What are you leaving behind – An inheritance or a legacy?
It’s a startling fact that many Australians fail to put effective estate planning provisions in place or think about the legacy that they wish to leave behind to their family and future generations.
Warren Buffet, one of the world’s most famous billionaires and successful investors was asked about the large amount of money he will leave behind to his children. He answered that the majority of his fortune will go to charities. He went further to say that he will leave his kids enough that they can do something, but not so much as they do nothing. Warren Buffet is leaving an inheritance and a legacy.
We work hard to accumulate our assets, yet many of us fail to create a Will or Death Benefit Nominations which deal with what will happen to our assets when we die. Or we put a Will in place a long time ago and it may not be relevant in current circumstances.
Planning an Inheritance
An inheritance is something you leave behind for your family and loved ones.
There are a number of basic steps to planning an inheritance:
- Make your wishes clear and in writing. This will generally mean a Will. You may wish to have a Letter of Intent to accompany the Will. A letter of intent is not a formal legal document, but it helps the executors, guardians, trustees or the courts interpret your hopes and desires for your beneficiaries and the distribution of your assets in accordance with your wishes.
- Discuss your intentions with your family. This may help them to better understand your wishes and avoid a potential misunderstanding in the future.
- Cover all bases. Make sure your Will provides for events such as your own death, or what happens should you and your spouse or partner both pass away. It should take into consideration care and guardianship for children and distribution of assets to other beneficiaries. Taking the time to plan for all contingencies can help to avoid a Will being contested.
- Establish beneficiary nominations for your superannuation and pension accounts. These assets do not automatically form part of your estate assets so it’s important to provide clear instruction to the trustees of the superannuation fund as to your intention for these accounts.
- Ensure you have a Powers of Attorney in place for your health and finances.
Leaving a Legacy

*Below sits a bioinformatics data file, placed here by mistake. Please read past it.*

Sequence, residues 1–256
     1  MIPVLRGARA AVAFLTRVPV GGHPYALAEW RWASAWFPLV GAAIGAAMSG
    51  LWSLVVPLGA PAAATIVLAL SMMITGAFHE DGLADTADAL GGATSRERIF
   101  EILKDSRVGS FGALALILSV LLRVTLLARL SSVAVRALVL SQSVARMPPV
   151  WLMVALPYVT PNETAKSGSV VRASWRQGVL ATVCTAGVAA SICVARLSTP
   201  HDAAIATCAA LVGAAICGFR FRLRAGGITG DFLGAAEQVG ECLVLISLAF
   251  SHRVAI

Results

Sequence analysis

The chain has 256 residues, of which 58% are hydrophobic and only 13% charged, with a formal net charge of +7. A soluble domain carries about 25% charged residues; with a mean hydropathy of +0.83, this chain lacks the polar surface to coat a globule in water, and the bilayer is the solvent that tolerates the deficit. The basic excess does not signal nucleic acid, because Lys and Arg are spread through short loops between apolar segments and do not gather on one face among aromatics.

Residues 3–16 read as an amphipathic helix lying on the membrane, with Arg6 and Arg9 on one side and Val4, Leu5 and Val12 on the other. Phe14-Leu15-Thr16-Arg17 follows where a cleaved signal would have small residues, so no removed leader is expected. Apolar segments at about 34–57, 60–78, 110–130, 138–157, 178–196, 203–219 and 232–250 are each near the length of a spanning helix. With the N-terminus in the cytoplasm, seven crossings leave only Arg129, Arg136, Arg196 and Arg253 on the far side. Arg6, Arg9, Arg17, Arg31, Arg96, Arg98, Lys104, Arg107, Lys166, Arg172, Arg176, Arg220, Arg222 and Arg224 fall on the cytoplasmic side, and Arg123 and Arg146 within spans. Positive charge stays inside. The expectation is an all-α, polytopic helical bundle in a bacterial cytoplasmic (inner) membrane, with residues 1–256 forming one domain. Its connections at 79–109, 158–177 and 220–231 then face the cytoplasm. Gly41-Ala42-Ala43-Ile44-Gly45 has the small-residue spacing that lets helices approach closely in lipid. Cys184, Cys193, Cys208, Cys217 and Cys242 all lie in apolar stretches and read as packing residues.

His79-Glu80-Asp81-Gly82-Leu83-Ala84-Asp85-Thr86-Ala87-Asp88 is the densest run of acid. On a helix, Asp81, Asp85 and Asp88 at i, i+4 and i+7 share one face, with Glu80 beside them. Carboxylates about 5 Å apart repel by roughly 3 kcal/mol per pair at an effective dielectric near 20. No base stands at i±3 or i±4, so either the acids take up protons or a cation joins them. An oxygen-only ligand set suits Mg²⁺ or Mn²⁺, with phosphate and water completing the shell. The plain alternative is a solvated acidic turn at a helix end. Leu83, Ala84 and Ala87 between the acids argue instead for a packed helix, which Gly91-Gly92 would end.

In developing an effective estate plan you may also wish to consider the legacy that you plan to leave behind.
A legacy may include an inheritance of money or property, but it doesn’t have to be a monetary outcome. It’s also the value system that you live by and the memories that you leave behind. It’s quite possible for someone to leave behind a wealth of inheritance, but no legacy.
We generally think of positive legacies, but we can also leave negative ones.
Personal traits, habits and our actions can all be a burden placed on future generations.
The legacy left behind by our ancestors through their values, choices, culture and customs largely shaped who we are today and like them, our legacy will help shape the lives of our children, their children and future generations.
So how do we leave a good legacy? We can start by remembering, that everything we do leaves an impact and every action produces an effect. There are many different aspects to leaving a legacy including personal, social, environmental and spiritual/religious.
We can work towards making a positive contribution to our community and society. We can aim to be the best father, mother, grand parent, friend, mentor, brother, sister, uncle, aunty that we can be. Remembering that one person can make a big difference. We can focus on living a healthy and happy life attuned to our values. We can give to others. We can reduce our dependability on non-renewable resources. Plant more trees, avoid the use of plastic bags and bottles.
Have you thought lately about what legacy you plan to leave, whether you plan to leave an inheritance – or both?